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Like Morgan, Bill Philipps, president of the Santa Cruz Federation of Retired Personnel, helped others get vaccinated.

A retired custodian, Philipps says now nearly everyone he knows is vaccinated. But at the beginning of the year, it was very different, with people unsure how to get the shots and spending long, confusing hours at the computer searching for them.

Philipps put out a packed edition of the local newsletter to members, with information from the Centers for Disease Control about COVID-19 as well as ways to get a vaccine appointment, with helpful websites and hotline numbers.

The Santa Cruz City Schools district is doing a good job getting current education workers vaccinated, Philipps says. He recalls seeing custodians at a school site, all lined up and very organized.

The retiree chapter members are still being cautious about COVID-19, Philipps says, but they have gotten together to eat at an outdoor location where they could keep physical distance. He also recently attended a district-sponsored retiree reception on Zoom.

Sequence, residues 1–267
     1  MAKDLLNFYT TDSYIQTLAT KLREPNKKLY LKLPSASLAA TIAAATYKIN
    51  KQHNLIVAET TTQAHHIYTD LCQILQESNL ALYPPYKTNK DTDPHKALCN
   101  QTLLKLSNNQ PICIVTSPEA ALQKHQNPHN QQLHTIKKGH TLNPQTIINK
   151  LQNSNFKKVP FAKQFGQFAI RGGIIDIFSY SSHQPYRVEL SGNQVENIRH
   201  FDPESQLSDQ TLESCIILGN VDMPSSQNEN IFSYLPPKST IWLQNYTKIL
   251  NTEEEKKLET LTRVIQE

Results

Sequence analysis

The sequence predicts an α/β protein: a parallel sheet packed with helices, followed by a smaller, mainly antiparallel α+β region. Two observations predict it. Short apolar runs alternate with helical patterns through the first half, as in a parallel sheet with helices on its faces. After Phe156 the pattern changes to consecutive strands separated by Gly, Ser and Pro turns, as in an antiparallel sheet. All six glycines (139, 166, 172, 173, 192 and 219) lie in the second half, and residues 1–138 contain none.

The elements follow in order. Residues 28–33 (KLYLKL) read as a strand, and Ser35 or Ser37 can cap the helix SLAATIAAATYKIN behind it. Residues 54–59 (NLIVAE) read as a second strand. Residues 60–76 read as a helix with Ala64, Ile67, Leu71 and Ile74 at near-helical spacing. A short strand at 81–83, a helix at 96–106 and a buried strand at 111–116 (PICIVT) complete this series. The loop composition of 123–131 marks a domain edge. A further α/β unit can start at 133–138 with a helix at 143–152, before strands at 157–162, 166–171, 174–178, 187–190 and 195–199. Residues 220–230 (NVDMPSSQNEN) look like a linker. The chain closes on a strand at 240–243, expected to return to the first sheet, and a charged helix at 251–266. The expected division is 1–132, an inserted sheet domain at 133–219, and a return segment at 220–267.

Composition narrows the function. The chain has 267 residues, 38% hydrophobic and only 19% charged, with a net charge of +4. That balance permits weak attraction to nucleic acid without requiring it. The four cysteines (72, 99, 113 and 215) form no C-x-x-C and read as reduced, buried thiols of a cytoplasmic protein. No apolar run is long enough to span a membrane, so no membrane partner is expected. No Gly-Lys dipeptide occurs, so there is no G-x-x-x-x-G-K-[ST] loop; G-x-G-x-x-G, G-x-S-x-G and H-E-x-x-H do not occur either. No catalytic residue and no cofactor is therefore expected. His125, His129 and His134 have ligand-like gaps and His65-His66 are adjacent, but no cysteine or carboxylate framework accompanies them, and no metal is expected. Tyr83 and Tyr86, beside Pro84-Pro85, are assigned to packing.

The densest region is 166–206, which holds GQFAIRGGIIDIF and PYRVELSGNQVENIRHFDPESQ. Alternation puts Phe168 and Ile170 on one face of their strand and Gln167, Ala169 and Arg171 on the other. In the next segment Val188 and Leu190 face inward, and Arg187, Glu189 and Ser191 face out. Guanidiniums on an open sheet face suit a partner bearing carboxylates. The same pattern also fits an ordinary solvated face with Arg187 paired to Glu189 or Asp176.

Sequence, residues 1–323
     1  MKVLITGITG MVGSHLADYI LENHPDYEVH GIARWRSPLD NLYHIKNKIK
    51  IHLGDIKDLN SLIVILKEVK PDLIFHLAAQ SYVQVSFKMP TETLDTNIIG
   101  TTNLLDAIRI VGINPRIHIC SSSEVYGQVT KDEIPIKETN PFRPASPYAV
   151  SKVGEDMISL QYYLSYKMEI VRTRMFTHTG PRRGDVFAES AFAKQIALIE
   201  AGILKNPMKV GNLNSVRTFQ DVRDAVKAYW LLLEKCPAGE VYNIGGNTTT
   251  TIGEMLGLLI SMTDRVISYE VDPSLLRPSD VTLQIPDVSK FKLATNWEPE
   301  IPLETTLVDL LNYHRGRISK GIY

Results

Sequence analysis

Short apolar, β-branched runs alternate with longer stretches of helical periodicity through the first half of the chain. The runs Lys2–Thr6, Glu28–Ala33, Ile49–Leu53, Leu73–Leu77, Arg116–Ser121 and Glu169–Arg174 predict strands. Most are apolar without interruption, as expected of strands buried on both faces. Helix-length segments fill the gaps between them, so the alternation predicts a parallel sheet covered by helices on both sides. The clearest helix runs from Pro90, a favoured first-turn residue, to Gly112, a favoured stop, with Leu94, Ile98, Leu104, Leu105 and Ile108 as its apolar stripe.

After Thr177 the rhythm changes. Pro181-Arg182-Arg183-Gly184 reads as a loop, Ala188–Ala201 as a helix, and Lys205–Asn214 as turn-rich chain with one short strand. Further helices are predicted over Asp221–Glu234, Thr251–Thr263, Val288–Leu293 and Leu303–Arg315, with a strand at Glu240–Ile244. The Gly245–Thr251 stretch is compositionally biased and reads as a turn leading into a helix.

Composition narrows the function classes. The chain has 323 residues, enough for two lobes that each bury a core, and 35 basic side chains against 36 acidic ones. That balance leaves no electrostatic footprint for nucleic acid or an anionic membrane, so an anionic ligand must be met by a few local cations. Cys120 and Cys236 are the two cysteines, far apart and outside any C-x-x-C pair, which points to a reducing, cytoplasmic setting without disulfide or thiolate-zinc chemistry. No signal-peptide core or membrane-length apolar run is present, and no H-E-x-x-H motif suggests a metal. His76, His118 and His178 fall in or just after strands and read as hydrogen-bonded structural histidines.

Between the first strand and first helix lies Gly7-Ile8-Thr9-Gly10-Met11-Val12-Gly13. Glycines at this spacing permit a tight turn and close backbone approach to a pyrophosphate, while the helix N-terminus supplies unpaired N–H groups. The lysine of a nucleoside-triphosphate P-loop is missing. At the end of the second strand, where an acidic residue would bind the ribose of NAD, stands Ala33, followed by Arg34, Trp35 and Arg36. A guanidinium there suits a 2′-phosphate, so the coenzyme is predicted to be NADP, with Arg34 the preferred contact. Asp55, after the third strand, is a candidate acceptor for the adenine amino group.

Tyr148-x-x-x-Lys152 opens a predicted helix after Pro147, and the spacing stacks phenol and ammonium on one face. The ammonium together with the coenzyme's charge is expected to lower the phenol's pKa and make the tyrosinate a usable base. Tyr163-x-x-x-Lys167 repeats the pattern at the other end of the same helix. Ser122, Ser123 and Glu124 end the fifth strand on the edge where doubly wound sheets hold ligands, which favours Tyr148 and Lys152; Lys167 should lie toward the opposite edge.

Philipps sends out about 10 emails a year to members letting them know about current issues, legislation that may affect them, as well as what’s going on with CalSTRS and CalPERS. Members have also worked on elections, Philipps says, like making phone calls in the consequential elections of 2020.

Five years ago, Philipps went to AFT headquarters in Washington, D.C., to learn how to start a retiree chapter, and now he’s involved in helping locals start their own.

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Ann Killebrew, president of the Retiree Chapter of AFT Local 2121 at San Francisco City College, believes that’s important. She would like to see every local have a retiree chapter. Theirs helped in the multi-year fight with the Accrediting Commission for Community and Junior Colleges when they tried to terminate the accreditation of the City College of San Francisco in 2013.

The retiree chapter also got involved recently when City College administrators proposed laying off 163 full-time teachers as well as hundreds more part-timers, which would have eliminated or sharply reduced some key programs and departments, including ESL and nursing. Teachers agreed to pay cuts to stop the layoffs.

That has been a main focus of their chapter, Killebrew says. “We went to supervisor meetings and committee meetings and hearings in the battle to save City College.”

There are lots of ways retired local members can help, says Killebrew, who is also northern vice president of the CFT Council of Retired Members. She thinks it’s important to keep members who retire involved with union work, and she says the 225 members in their chapter make a difference.

“If we have a group of 12 people at something, maybe two will be retirees,” she said. “The people who were active when they were teaching have pretty much stayed active, and they come out for whatever is needed now.”

— By Emily Wilson, CFT Reporter